translator's note: positive expressions in arabic |  bassam


In Arabic
 
Glossary of Arabic Terms

While translating the tenth issue of Bint el Nas magazine into Arabic, I have used the following positive expressions:
Arabic Translation English Expression
ahrar el jins queers
ahrar el jins;
M.M.M.M. (misliya, misli, mozdawij, moghayir)
L.G.B.T. (Lesbian, Gay, Bisexual, Transgender)
junusiya misliya; junusiya homosexuality
misli el jins; junusi homosexual male
misli gay man
misliyat el jins; junusiya homosexual female
misliya lesbian; gay woman
izdiwajiyat el moyool el jinsiya bisexuality
mozdawij el moyool el jinsiya bisexual man
mozdawijat el moyool el jinsiya bisexual woman
moyool jinsiya sexual orientation
hawiya jinsiya sexual identity
hawiya junusiya homosexual identity
hawiya misliya gay identity
hawiyat el jins gender identity
moghayir el jins female-to-male transgender or transsexual
moghayirat el jins male-to-female transgender or transsexual
izdiwajiyat el jins intersexuality (for humans)
izdiwajiyat el jins hermaphrodism (in the animal kingdom)
izdiwaji el jins intersexual (human)
izdiwaji el jins hermaphrodite (animal)

Adopting Positive Expressions

The Arabic language does not have positive words to express the emotional or sexual relations between two people of the same gender. The known expressions in formal or classical Arabic are negative and degrading: "shouzouz jinsi" (unnatural or abnormal sexuality), "loowat" (the homosexual act among men, in reference to the story of Prophet Lot in the Bible or Lut in the Koran), and "sihaq" (the homosexual act among women). However, during the last years of the twentieth century, some sociologists, psychologists, and journalists whose professional conscience was alive, started to use the positive expression of "junusiya misliya", which is an accurate translation for homosexuality -- a word that was first used in the European languages around 100 years ago.

The word bisexuality has no positive translation in Arabic as far as I know. I have used in this issue of the magazine the expression "izdiwajiyat el moyool el jinsiya." Thus, a man who likes men and women to different degrees is called "mozdawij el moyool el jinsiya" (bisexual man), and a woman is called "mozdawijat el moyool el jinsiya" (bisexual woman). I have made sure to differentiate between the adjective "izdiwaji el jins" (hermaphrodite; intersexed) and "mozdawij el moyool el jinsiya" (bisexual). Like "izdiwaji el jins" in the animal kingdom (hermaphrodite), "izdiwaji el jins" in the human race (intersexual) is a person who has male and female reproductive organs and/or genes, and it is a special medical case that should be acknowledged and respected even if it is not the subject of any article in this magazine. On the other hand, a woman, for instance, who is "mozdawijat el moyool el jinsiya" (bisexual), possesses female reproductive organs and genes only (like any other heterosexual or lesbian woman) but her heart and her sexual desires are directed sometimes towards another woman and in other times towards a man.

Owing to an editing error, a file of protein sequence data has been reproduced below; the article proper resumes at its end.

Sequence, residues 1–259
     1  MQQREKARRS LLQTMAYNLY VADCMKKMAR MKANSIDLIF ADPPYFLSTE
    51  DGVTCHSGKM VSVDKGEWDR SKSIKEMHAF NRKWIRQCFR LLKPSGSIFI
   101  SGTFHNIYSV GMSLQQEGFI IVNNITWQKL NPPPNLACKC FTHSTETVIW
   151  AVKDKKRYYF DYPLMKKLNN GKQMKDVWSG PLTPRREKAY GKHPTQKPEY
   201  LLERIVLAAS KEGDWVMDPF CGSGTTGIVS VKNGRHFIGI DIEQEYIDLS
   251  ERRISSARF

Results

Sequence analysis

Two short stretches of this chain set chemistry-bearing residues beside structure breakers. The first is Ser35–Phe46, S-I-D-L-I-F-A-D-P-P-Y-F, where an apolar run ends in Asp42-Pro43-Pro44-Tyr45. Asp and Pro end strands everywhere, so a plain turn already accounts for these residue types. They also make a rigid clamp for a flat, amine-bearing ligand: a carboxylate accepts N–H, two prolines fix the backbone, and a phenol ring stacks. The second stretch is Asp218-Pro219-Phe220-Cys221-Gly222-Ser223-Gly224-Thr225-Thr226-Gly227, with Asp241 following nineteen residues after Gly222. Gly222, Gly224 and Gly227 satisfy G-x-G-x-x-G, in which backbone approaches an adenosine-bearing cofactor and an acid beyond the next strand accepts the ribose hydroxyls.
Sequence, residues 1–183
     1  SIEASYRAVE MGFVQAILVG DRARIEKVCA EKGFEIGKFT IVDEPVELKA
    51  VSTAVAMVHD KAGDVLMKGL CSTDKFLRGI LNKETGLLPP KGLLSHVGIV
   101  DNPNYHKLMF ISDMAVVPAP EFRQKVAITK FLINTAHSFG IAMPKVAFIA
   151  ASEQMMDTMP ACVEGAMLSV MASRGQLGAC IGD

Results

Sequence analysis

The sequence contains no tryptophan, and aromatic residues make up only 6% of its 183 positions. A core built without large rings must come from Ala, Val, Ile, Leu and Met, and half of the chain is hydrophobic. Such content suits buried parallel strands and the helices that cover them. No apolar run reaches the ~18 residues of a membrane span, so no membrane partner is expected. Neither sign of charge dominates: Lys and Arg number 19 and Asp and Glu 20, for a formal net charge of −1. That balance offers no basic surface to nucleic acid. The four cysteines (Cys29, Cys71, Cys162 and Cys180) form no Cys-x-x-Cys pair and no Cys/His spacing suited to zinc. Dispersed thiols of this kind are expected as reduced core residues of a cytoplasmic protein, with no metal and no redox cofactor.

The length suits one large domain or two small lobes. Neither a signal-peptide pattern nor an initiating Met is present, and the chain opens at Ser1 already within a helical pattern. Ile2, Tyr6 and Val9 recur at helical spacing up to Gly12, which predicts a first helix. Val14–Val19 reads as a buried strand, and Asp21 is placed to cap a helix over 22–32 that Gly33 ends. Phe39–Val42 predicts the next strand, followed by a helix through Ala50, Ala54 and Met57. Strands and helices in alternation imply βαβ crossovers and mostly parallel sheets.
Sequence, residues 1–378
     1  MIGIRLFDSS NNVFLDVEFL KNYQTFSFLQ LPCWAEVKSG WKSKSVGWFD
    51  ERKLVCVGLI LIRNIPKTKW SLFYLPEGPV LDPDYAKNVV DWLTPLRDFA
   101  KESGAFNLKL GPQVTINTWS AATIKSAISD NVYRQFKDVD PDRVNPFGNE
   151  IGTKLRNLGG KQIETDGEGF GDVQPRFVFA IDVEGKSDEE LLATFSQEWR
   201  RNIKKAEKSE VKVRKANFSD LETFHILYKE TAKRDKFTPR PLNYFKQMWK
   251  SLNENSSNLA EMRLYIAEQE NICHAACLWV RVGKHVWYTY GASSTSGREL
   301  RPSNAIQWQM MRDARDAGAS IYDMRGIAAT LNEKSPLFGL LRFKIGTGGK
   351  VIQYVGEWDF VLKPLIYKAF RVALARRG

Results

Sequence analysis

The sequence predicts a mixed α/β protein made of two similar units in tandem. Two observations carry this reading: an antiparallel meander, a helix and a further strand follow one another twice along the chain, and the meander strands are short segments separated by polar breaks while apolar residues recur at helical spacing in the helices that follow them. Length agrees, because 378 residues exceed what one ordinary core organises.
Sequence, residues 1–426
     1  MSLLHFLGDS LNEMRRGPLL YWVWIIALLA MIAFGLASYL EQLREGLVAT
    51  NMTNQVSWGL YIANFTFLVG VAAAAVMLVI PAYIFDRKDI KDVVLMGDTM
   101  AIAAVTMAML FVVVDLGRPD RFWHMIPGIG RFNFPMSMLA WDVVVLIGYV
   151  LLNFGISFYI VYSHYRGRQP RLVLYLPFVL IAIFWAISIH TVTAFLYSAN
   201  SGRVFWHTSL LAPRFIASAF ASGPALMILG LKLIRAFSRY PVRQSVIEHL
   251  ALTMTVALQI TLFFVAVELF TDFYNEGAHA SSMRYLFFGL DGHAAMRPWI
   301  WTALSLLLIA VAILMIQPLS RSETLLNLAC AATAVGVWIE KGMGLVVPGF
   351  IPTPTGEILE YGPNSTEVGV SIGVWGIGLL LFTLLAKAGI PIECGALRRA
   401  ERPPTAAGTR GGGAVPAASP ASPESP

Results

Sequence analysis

The expression sexual orientation ("moyool jinsiya") is the key term when mentioning a homosexual ("misli") or a bisexual person ("mozdawij el moyool el jinsiya"), as well as a heterosexual person (someone who is solely attracted to the opposite sex). But when we discuss the people whose perception of their gender is different than their biological gender, then we should use in Arabic the positive expression "moghayir el jins" (transgender; transsexual) instead of the negative term "khanis." The person who is born with male reproductive organs but identifies more as a female is called "moghayirat el jins" (male-to-female transgender), and we refer to her with feminine adjectives out of respect to her wish, whether she has undergone a corrective surgery or not. Similarly, someone who is born with female reproductive organs but identifies more as a male is called "moghayir el jins" (female-to-male transgender), and we use masculine pronouns when writing about him. We should note here that some transgender-identified individuals have written for this issue and previous issues of Bint el Nas.

The writers of this magazine have used numerous times the word "queer." In the past, it was a degrading expression used to mock homosexuals. But during the last two decades of the twentieth century, it was adopted by homosexuals, bisexuals, and transgendered people in the English-speaking countries to express their rebellion against social norms that had chained them so far. The word queer now is used as a synonym for or replacement of fours words: lesbian, gay, bisexual, and transgender (LGBT). The word queer means in Arabic "shaz" (different or unnatural). Unlike the LGBT movement in the West that had embraced the negative word queer and had made it positive, we chose a new, inherently positive expression to replace the word "shaz". This new expression is "ahrar el jins," which can be translated in English as "sexually free" instead of "queer." Those who are sexually free may be lesbians, gays, bisexuals, transgenders, or even heterosexual allies who are open minded and know well that sexual repression is dangerous, and it results in mental depression and self-hatred on the personal level and hate on the societal scale.

Finally, I would like to thank each of Dr. Nayla M., Ramzi Zakharia of the Gay and Lesbian Arab Society (GLAS: www.glas.org), and Dr. Omar Nahas, Director of the Yoesuf Foundation that provides studies about Islam and homosexuality (www.yoesuf.nl), for their feedback on positive Arabic expressions. I would like to extend my deep appreciation to Dr. Nadeem G. for coining the expression "ahrar el jins" as a translation for queers. I am very grateful to Maria who has helped me in typing the articles of this issue in Arabic.

Bassam
July 2003


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